On your other detail, you are asking "Can the Milne model predict the lumpiness." Of course not! We can see it, and perhaps hope to find an explanation for it, but the idea that you could or should predict the lumpiness of the CMBR from a metric is mere conceit.
Lamba-CDM predicts the lumpiness of the universe. Once you have a figure for how quickly the universe expands and you make some assumptions about what the universe is made of, then you can rather easily calculate how pressure waves go through the universe, and get lumpiness coefficients.

You can do the same calculation with the Milne model. People have done that calculation and you get nowhere near the observed universe.

 If you have a map, you can develop a real theory: With WMAP and COBE, for instance, they could see that the light was a thermal spectrum, and then they were able to come up with a phenomenon that caused it.
Other way around. The CMB was discovered in 1965. The calculations for how to calculate the lumpiness factor of the universe were done in the 1980's. At that point, you have a group of scientists go to Congress and then lobby for money to send up a spacecraft designed to measure the lumpiness of the universe.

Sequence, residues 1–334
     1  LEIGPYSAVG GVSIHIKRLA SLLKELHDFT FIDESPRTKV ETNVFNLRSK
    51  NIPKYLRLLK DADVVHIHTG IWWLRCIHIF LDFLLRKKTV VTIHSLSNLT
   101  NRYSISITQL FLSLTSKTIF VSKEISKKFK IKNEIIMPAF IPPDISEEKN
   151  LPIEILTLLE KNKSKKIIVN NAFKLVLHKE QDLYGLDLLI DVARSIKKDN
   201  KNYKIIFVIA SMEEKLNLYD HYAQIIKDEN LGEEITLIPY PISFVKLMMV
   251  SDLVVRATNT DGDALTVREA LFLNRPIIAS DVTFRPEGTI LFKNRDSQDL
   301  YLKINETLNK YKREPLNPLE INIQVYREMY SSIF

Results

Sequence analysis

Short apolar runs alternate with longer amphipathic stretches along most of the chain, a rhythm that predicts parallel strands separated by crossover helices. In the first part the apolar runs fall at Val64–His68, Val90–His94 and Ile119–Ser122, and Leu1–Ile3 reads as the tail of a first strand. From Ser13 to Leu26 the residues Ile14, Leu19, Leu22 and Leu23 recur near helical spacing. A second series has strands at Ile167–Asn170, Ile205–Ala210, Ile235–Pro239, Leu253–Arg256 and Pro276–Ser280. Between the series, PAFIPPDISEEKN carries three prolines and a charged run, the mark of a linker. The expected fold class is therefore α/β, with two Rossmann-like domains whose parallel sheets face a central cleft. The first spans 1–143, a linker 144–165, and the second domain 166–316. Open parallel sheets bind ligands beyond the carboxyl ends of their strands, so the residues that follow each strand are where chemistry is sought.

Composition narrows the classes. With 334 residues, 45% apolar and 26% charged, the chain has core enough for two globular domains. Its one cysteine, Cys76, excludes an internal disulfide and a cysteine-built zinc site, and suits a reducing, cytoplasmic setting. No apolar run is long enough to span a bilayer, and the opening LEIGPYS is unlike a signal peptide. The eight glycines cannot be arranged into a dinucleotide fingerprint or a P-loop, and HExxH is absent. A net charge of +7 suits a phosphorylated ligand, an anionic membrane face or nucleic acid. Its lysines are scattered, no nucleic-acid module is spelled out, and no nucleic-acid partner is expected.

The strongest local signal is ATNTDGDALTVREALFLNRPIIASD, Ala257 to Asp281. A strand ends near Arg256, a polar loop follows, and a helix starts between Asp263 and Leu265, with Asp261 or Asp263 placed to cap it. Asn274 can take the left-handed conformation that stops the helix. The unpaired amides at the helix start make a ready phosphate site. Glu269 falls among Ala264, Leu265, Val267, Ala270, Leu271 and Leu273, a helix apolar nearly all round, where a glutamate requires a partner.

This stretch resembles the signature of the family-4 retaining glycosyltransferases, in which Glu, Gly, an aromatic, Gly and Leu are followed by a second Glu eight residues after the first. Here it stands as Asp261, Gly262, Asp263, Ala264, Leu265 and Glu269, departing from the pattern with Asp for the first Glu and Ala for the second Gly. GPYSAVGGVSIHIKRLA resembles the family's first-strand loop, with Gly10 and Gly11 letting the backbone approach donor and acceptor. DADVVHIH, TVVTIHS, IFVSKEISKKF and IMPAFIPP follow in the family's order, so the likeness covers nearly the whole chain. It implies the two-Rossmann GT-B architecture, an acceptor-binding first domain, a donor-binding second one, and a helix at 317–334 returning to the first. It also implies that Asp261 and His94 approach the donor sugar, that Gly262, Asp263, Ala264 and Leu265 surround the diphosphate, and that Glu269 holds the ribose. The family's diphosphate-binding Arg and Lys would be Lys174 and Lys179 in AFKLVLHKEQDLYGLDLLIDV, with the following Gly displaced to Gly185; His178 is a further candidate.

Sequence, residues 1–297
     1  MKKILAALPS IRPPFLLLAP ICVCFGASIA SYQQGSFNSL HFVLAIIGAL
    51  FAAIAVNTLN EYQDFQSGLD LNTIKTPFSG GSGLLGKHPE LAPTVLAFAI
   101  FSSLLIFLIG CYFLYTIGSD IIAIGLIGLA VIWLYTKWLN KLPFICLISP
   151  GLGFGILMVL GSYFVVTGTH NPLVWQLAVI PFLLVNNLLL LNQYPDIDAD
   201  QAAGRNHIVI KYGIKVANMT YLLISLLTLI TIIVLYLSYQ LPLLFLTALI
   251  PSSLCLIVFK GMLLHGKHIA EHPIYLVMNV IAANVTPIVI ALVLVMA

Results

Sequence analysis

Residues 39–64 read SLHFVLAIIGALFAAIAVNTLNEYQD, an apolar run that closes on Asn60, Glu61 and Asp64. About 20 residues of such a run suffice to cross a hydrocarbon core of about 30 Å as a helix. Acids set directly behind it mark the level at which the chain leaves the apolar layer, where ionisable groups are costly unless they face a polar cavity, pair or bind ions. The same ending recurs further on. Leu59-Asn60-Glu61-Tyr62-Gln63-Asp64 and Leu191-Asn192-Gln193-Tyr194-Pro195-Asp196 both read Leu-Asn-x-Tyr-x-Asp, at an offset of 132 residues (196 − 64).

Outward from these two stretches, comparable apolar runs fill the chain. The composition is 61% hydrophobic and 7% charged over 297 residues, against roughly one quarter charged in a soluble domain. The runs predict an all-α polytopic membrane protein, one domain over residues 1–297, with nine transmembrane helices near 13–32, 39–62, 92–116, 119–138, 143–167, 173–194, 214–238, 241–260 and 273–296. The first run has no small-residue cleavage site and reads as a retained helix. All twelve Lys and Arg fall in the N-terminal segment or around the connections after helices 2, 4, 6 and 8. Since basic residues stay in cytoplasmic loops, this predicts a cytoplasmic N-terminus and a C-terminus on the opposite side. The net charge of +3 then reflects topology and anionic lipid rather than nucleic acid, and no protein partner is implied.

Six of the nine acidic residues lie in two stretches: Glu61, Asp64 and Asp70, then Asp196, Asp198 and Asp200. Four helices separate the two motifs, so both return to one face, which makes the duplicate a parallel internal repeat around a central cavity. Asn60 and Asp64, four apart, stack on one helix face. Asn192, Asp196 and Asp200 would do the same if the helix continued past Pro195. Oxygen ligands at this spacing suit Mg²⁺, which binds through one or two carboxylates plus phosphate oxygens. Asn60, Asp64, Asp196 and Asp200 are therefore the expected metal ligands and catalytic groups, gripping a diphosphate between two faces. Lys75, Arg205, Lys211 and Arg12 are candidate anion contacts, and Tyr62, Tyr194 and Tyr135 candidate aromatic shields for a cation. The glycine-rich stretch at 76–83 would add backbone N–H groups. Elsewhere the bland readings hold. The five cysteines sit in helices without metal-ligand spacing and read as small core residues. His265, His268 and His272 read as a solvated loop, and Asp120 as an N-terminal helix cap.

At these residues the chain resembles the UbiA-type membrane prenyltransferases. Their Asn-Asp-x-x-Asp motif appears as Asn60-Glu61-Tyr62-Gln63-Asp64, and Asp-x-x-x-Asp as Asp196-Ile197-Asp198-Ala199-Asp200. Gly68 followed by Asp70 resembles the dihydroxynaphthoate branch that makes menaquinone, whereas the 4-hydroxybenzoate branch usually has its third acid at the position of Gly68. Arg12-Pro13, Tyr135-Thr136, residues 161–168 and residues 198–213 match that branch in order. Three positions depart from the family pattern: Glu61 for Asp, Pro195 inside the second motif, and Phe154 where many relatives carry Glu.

Quote by JDoolin And why would you make that replacement?
Makes the math simpler.

 Time is not flowing slower as you go out from the center. Distance is not getting smaller as you go out from the center.
General relativity says that you can chose whatever clocks and rulers you want and you'll get the same answer. If you want a ruler that shrinks as you move it. That's fine. If you want a clock that speeds up or slows down, that's also fine.

The easily analogy is that you can draw a diagram with square graph paper, or you can draw the diagram with polar coordinates. It's all the same.

 The metric does not change when the particles are moving away from one another.